Due to the increased distance, the background is less blurry. Depth of field is a function of distance to subject and aperture opening and not a function of sensor size.
On the other hand, with a smaller sensor, you are forced to be further away from the subject. That is why APS-C sensors are considered to have a larger depth of field.
Sensor Resolution, Pixel Density and Size, and Optical Resolution
If you take a look at any camera specification, regardless of the sensor size, you’ll see the sensor resolution proudly displayed, usually measured in megapixels or MP. You might think that MP is comparable across crop sensor and full frame sensor sizes, but this is not actually the case.
If you look closer, you’ll find APS-C and Full Frame sensors with the same resolution. This means that both cameras have the same amount of pixels. Does that mean that the sensors will perform the same? Well, no.
The main difference between these two sensor sizes is the pixel size. Assuming that both sensors have the same amount of pixels, the Full Frame sensor will have pixels with a 250% larger surface area.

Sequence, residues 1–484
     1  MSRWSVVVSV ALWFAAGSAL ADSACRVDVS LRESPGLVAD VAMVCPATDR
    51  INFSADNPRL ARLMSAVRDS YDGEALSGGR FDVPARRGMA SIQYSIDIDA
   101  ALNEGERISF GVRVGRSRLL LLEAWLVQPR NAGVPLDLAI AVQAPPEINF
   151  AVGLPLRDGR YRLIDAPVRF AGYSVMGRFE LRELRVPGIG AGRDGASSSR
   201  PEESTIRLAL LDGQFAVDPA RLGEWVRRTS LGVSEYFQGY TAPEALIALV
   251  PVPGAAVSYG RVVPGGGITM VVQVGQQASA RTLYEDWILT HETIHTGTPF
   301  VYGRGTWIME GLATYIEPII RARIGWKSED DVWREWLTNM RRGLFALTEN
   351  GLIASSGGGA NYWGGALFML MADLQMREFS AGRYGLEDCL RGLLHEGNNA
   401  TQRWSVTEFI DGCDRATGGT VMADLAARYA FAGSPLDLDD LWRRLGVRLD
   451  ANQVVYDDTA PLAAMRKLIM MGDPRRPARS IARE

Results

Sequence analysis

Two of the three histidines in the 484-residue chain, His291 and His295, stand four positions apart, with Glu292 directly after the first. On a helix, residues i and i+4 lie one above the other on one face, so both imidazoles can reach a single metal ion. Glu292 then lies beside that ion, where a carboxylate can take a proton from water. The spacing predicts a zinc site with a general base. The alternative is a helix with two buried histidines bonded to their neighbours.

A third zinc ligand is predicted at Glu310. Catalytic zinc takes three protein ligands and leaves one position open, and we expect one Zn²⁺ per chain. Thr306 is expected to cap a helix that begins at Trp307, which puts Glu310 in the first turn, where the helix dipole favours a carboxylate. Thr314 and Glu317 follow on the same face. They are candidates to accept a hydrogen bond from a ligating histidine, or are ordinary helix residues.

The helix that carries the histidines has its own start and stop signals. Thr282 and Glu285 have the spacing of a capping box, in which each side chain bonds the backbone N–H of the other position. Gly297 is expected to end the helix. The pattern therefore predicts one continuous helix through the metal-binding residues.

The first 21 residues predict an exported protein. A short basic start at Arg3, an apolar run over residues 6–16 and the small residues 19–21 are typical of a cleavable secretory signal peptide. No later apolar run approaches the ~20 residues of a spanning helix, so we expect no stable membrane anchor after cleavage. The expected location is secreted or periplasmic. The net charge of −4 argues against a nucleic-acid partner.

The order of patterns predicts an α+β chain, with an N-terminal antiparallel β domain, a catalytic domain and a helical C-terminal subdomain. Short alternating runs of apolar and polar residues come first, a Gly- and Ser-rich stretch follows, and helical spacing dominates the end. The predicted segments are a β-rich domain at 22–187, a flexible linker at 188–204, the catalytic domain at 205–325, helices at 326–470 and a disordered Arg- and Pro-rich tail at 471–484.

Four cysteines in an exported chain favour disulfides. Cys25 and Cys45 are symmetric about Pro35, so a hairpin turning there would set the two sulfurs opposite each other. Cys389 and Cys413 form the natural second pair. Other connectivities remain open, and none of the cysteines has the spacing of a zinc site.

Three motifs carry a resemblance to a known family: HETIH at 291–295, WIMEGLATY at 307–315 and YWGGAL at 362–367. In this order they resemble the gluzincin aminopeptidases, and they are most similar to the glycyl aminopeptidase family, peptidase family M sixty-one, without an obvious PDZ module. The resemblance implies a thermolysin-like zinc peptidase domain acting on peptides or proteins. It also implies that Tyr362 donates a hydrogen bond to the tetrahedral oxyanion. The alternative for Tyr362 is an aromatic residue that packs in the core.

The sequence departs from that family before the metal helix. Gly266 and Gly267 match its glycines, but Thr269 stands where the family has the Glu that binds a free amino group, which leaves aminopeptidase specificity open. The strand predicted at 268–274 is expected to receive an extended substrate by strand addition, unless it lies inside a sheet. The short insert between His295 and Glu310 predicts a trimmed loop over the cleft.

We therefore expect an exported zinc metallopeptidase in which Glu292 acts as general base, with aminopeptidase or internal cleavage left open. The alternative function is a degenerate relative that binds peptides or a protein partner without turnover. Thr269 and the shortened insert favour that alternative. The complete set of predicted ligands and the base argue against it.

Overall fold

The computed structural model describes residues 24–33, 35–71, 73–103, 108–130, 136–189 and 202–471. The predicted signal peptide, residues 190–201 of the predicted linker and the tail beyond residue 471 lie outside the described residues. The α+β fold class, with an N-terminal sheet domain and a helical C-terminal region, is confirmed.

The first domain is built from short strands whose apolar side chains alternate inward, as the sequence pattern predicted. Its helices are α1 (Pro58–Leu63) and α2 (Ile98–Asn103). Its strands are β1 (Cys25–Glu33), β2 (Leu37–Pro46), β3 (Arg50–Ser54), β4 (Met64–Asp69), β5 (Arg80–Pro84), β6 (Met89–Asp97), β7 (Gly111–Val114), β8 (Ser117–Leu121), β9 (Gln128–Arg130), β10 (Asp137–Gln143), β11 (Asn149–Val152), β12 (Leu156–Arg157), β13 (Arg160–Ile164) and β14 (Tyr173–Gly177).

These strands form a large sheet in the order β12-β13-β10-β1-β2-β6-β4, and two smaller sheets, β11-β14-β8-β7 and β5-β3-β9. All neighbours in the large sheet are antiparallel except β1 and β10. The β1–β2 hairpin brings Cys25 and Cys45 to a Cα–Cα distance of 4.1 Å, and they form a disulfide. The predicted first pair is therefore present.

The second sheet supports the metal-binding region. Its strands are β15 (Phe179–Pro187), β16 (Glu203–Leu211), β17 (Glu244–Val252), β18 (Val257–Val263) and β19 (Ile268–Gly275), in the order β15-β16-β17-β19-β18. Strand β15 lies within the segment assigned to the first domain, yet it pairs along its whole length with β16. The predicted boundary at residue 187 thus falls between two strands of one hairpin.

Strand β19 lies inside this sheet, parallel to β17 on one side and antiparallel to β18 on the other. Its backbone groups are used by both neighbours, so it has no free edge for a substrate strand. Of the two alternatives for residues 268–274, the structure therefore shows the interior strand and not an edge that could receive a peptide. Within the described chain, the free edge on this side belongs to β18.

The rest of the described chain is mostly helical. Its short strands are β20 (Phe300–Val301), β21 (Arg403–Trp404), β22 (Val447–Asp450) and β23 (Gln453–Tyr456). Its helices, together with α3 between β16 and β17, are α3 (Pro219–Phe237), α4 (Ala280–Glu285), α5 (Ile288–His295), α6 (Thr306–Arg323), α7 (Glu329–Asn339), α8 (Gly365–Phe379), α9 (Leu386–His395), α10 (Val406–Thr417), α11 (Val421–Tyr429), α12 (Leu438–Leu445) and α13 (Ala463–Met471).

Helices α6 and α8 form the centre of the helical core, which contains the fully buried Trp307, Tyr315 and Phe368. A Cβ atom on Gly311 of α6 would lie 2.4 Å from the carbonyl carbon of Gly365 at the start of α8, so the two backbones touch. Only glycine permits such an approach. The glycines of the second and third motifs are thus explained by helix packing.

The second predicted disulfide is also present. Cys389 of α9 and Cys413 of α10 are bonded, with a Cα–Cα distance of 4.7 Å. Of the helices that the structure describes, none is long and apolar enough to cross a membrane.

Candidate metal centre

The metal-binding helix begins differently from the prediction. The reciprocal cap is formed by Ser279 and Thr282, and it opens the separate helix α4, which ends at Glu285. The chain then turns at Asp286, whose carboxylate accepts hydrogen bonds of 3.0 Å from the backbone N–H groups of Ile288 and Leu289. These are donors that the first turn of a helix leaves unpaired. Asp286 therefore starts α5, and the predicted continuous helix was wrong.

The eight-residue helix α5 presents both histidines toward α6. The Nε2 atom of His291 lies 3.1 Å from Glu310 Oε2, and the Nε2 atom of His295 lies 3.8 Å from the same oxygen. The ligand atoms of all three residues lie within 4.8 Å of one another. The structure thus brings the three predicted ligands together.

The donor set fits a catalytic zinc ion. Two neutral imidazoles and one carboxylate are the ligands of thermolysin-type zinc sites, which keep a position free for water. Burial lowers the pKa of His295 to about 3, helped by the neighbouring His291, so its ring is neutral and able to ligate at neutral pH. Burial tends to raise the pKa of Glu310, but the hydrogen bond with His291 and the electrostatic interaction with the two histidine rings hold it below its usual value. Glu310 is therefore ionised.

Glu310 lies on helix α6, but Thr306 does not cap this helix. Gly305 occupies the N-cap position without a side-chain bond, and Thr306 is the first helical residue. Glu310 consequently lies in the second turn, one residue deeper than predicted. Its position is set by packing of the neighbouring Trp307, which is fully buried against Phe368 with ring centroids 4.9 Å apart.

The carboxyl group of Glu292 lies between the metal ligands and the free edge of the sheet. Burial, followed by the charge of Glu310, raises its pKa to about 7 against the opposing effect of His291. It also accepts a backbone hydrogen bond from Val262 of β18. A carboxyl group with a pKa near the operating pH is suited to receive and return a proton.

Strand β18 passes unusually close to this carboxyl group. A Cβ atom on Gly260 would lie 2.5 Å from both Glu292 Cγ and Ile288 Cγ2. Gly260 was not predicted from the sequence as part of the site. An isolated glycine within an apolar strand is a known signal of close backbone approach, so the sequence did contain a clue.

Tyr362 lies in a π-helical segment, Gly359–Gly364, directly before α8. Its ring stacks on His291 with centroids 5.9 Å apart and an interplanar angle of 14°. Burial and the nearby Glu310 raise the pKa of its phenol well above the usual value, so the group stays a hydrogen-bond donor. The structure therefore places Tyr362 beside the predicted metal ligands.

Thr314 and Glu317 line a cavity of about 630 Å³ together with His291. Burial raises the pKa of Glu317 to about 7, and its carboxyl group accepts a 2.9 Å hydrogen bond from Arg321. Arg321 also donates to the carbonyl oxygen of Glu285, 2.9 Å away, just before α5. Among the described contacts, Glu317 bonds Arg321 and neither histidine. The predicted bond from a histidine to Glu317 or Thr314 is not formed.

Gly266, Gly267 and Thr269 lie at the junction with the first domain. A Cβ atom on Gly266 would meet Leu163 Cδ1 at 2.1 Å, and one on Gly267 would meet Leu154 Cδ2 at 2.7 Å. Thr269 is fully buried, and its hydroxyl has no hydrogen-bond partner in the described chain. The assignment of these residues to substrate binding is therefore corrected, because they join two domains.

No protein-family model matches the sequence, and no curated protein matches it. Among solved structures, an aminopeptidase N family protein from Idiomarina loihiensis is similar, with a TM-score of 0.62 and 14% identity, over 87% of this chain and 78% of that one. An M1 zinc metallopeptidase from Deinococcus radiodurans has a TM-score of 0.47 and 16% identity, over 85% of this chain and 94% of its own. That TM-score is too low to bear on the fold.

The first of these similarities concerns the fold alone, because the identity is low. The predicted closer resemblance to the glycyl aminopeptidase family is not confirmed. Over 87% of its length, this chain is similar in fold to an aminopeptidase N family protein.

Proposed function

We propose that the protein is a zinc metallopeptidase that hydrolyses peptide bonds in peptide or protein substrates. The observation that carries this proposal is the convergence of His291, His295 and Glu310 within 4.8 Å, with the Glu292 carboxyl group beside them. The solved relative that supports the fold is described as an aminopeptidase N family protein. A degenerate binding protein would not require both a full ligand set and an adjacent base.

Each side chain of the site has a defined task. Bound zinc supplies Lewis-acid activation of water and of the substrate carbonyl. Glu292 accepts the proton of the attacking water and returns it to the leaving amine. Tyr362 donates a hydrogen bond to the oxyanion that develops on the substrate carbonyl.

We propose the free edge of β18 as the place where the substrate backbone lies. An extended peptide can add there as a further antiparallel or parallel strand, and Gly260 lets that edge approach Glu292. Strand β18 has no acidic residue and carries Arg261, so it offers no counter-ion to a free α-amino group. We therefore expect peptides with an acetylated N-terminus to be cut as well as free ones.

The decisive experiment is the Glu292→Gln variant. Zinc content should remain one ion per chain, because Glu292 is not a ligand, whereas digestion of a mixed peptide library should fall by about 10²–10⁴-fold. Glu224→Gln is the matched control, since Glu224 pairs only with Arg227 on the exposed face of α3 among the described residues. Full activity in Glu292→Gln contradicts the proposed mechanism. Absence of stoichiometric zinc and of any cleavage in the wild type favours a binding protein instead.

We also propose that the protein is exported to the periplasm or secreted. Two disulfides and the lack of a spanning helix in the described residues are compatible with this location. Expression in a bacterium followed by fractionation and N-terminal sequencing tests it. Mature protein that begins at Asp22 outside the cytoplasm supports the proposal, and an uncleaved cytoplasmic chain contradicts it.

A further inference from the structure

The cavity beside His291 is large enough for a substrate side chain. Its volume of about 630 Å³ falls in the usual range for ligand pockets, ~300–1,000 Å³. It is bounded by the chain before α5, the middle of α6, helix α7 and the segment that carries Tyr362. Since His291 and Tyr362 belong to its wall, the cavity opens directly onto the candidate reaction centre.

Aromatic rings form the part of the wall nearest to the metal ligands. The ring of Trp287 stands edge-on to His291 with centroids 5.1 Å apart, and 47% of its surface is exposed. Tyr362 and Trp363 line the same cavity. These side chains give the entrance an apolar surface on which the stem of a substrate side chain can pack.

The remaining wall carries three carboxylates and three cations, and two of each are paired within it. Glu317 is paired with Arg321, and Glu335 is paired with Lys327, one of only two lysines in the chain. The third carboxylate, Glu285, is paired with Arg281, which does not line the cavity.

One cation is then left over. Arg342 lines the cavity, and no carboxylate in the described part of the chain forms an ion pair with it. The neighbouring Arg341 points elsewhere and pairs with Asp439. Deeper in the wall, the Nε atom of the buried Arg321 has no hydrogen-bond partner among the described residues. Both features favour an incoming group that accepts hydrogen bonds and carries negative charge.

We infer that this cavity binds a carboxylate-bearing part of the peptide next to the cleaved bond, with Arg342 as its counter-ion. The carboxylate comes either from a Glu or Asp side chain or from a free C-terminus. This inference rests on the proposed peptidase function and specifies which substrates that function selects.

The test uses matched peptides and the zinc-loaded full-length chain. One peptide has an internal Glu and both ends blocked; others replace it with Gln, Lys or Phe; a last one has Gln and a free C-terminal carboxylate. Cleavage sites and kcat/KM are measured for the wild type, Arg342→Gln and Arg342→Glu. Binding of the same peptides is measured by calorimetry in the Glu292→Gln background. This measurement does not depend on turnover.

That means that the Full Frame sensor pixels can gather more light, thus providing more signal and, as a result, an image with less noise and better dynamic range, assuming that the number of megapixels are consistent between the sensors.
For example, the Canon 6D and the Canon 7D Mark II have the exact amount of pixels. The 6D is a full-frame camera, and the 7D Mark II is a crop sensor camera.
Even though the 6D is three years older than the 7D Mark II, it has less noise, better color fidelity, and better dynamic range than the 7D Mark II.
This all boils down to pixel size. The 6D sensor has a pixel size of 6.55µm, that is 1.6 times larger than the 4.09μm pixel found on the 7D Mark II.
So in short full-frame sensors tend to have bigger pixels, and with that better noise performance and better dynamic range.
Sensor Resolution vs. Optical Resolution for Image Sharpness
Often, people equate higher resolution with sharper photos. That is true up to a certain point. Generally, if you cram more pixels on a sensor, you will have a sharper photo. In other words, the more pixels you have per cm², the sharper the photo will be.
The limiting factor here is the lens. Lenses have measurable optical resolution, or in other words they have limited resolving power. That is why some lenses are sharper than others.
That being said, a Full Frame sensor that is 20mp will have lower pixel density than a crop sensor that is 20mp. And yet the photo from the Full Frame sensor will be sharper.
This is because of the lens’s optical resolution.
See, a 20MP Full-Frame sensor has a pixel density of 2.36 MP/cm², while a 20MP crop sensor has a pixel density of 6 MP/cm².
In order for the Crop Sensor to be sharper, since it has more pixels per cm², the lens has to be able to resolve more detail than the sensor can capture. Otherwise, the lens cannot make the most out of the sensor.